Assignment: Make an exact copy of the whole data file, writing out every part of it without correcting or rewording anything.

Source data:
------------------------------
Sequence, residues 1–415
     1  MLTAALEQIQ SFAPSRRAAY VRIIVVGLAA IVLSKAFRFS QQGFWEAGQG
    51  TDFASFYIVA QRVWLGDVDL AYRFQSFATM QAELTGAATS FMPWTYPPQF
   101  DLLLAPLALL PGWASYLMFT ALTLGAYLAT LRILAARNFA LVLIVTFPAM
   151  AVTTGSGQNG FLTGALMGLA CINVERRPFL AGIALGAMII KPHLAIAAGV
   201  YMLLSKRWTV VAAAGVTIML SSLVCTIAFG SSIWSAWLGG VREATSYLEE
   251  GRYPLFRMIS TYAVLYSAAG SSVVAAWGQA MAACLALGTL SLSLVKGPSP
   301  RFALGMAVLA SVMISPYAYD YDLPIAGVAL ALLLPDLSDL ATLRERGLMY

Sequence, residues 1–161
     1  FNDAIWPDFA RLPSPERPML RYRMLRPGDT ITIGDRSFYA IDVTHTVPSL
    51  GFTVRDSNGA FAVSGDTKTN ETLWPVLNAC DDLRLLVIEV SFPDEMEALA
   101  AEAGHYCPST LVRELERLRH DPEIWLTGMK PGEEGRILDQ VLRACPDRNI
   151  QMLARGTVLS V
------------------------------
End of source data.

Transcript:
Sequence, residues 1–415
     1  MLTAALEQIQ SFAPSRRAAY VRIIVVGLAA IVLSKAFRFS QQGFWEAGQG
    51  TDFASFYIVA QRVWLGDVDL AYRFQSFATM QAELTGAATS FMPWTYPPQF
   101  DLLLAPLALL PGWASYLMFT ALTLGAYLAT LRILAARNFA LVLIVTFPAM
   151  AVTTGSGQNG FLTGALMGLA CINVERRPFL AGIALGAMII KPHLAIAAGV
   201  YMLLSKRWTV VAAAGVTIML SSLVCTIAFG SSIWSAWLGG VREATSYLEE
   251  GRYPLFRMIS TYAVLYSAAG SSVVAAWGQA MAACLALGTL SLSLVKGPSP
   301  RFALGMAVLA SVMISPYAYD YDLPIAGVAL ALLLPDLSDL ATLRERGLMY

Sequence, residues 1–161
     1  FNDAIWPDFA RLPSPERPML RYRMLRPGDT ITIGDRSFYA IDVTHTVPSL
    51  GFTVRDSNGA FAVSGDTKTN ETLWPVLNAC DDLRLLVIEV SFPDEMEALA
   101  AEAGHYCPST LVRELERLRH DPEIWLTGMK PGEEGRILDQ VLRACPDRNI
   151  QMLARGTVLS V